"I was shocked by the final scores. He fell down so many times," Shimizu said. "Why didn't I win? I don't understand." After Abdulhamidov was awarded the 22-17 victory over Shimizu, the uproar began. Fans rained boos from the stands, and Japanese officials immediately lodged a protest. It was, by any account, the biggest competitive disgrace of the Olympics so far.
        And there's reason to ask if this was more than the usual Olympic boxing incompetence, but rather something more sinister. Last September, BBC Newsnight presented evidence that Azerbaijan had paid millions of dollars in an international boxing organization, in return for a guarantee that two Azerbaijanis would win gold medals at these London Olympics. They found documents showing a $9 million bank transfer, funneled through Switzerland, to a boxing organization owned by AIBA, which oversees Olympic boxing. Whistleblowers reported that the money came from an Azerbaijan government minister, and were strictly a cash-for-medals exchange.
        "Ivan boasted to a few of us that there was no need to worry about World Series Boxing having the coin to pay its bills. As long as the Azeris got their medals, WSB would have the cash."
        Another said that Mr Khodabakhsh came in and said: "We are safe now - Azerbaijan came in - we have to give them medals for that."
        "He was talking about gold medals in London in return for millions of dollars of secret payments," the insider added. "Medals are being sold so blatantly it's amazing." Azerbaijan denied the allegations, and an AIBA committee found them groundless. (The $9M was deemed to be a "purely commercial investment.")
        But here we are! Azerbaijan's Abdulhamidov was awarded a win he didn't come close to earning. (Clip of Decision - Click Here.) This one has a happy ending, sort of. Late last night, AIBA officials upheld Japan's appeal, and awarded the bout to Shimizu.
        Their statement: After reviewing the video of Bout #105 involving Bantamweights Satoshi Shimizu (Japan) and Magomed Abdulhamidov (Azerbaijan), the Competition Jury made the following decision:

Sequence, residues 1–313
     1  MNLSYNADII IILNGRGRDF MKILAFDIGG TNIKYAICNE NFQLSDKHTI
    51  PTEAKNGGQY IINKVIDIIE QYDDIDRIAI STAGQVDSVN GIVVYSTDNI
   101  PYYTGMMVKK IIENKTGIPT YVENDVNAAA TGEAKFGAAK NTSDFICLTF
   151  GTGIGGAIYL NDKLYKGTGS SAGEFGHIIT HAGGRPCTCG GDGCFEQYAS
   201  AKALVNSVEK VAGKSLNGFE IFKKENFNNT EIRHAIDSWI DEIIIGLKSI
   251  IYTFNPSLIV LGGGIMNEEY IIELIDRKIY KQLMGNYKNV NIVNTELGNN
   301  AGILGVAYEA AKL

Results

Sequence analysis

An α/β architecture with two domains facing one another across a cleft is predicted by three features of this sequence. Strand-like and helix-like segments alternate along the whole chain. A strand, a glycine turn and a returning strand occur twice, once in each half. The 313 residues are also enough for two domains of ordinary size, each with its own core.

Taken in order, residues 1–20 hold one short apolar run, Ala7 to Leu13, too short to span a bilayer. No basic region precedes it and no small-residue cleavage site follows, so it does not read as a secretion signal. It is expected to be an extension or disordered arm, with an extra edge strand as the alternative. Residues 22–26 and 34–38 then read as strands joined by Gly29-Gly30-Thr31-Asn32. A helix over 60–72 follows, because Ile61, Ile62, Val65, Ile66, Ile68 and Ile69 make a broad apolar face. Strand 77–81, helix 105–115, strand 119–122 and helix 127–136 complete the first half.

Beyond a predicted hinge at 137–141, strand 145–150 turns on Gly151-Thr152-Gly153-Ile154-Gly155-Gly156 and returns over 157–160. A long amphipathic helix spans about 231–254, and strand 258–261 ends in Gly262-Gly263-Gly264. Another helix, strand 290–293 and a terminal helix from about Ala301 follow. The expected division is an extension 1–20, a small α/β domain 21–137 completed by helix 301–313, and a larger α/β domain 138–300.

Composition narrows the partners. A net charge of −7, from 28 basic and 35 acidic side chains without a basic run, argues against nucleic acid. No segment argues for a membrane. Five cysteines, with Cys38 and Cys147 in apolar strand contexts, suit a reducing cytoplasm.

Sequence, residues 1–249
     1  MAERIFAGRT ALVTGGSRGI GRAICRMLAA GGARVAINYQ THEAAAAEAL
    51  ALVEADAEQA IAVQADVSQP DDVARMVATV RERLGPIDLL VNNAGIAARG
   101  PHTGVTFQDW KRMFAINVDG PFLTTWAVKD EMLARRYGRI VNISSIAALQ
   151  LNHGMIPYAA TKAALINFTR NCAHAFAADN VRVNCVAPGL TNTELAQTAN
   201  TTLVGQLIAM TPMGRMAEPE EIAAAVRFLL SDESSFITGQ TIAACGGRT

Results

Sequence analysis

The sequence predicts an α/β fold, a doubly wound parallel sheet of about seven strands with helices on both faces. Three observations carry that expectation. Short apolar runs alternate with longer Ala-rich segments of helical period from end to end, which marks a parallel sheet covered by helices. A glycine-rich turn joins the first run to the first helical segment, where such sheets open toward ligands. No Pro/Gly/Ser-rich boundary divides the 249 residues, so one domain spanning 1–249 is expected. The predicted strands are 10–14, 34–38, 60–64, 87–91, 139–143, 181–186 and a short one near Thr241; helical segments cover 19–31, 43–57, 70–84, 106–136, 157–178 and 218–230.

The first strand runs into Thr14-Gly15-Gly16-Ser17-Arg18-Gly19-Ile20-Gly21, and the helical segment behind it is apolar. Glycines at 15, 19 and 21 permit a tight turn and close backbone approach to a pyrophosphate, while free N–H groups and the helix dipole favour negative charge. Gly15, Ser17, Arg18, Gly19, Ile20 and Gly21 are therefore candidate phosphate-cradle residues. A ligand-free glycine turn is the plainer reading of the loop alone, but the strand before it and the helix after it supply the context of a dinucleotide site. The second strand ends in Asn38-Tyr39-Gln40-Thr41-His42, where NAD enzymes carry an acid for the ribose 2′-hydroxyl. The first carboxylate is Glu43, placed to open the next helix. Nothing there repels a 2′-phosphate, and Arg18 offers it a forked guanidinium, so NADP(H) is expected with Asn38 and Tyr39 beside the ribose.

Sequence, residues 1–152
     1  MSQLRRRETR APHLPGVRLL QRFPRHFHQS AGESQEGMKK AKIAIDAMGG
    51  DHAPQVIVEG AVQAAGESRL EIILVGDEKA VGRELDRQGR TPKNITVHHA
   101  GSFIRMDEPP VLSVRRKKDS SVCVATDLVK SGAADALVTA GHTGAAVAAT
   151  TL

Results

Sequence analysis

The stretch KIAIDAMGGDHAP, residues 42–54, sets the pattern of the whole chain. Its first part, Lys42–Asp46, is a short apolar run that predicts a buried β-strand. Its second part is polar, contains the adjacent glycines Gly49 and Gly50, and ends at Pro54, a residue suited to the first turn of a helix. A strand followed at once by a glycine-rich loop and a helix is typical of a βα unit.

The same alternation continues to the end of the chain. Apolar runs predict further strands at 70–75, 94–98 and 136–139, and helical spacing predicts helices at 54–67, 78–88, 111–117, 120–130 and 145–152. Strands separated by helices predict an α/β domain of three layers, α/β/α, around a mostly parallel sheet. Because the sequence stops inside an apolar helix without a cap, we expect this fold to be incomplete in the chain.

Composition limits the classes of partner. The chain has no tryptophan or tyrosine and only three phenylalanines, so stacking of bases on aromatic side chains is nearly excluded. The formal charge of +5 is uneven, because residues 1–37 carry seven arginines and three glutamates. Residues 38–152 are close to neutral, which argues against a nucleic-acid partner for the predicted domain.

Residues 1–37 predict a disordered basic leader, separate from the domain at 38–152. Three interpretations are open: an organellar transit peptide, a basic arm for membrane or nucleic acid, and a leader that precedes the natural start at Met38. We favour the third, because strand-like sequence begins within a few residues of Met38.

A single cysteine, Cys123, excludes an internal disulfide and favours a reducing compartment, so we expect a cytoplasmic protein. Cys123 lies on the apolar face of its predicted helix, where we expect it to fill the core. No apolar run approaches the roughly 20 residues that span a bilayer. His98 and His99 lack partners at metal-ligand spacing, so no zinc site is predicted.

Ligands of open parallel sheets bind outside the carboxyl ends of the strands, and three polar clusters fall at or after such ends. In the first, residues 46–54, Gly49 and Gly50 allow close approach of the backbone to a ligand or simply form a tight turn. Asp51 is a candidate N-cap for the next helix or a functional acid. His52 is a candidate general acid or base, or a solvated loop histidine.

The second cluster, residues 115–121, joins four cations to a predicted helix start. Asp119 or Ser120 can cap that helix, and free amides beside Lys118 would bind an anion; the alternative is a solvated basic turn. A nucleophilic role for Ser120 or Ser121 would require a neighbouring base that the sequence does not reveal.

The boxer from Azerbaijan fell down six (6) times during the 3rd round. According to our rules, the Referee should have counted at least three (3) times. In this case, following the AIBA Technical & Competition Rules, the decision should have been RSC (Referee Stop Contest); - Therefore the protest lodged by the Japanese corner is accepted and the result of this bout overturned.
        AIBA officials will consider on Thursday morning whether to sanction the referee of this bout. Shimizu moves on. Abdulhamidov goes home. The Turkmenistani ref may be punished for not stopping the fight. The judges? Nothing happens to them. Olympic boxing remains a joke.

  • "Gary Russell 'robbed' in loss as problems with Olympic boxing once again revealed"
      By Kevin Iole
      RIO DE JANEIRO. There have been dozens, if not hundreds, of head-scratching decisions in Olympic boxing over the years. In Tuesday's third bout, Irish bantamweight Michael Conlan lost a bout to Russian Vladimir Nikitin that ranks up there with some of the most outrageous calls. But the bad judging wasn't confined to the Irish, who were hopping mad Tuesday after having a fighter eliminated they thought had won for the second consecutive day. On Monday, the Irish coaches were fuming after Katie Taylor, the 2012 lightweight gold medalist, was eliminated by Finland's Mira Potkonen. That, though, was nothing compared to what happened to Conlan. And then, about an hour later, American Gary Antuanne Russell was the victim of another inexplicable decision.
      Russell seemed to thoroughly outbox Uzbekistan's Fazliddin Gaibnazarov in their quarter final light welterweight match that had a medal on the line. For most of the final two rounds, Gaibnazarov simply ran laps around the ring and was warned several times for failing to engage. But when the scores were announced, it was yet another shocking call that seemed to go opposite of the way everyone expected. Gaibnazarov took a stunning split decision to move onto the semifinals. Judge Enrico Licini favored Russell, two rounds to one, or 29-28, but judges Roland Juhasz and Kestutis Bagdanavicius had it 29-28 for Gaibnazarov.
      It was an almost incomprehensible outcome. Yahoo Sports had it 30-27 for Russell.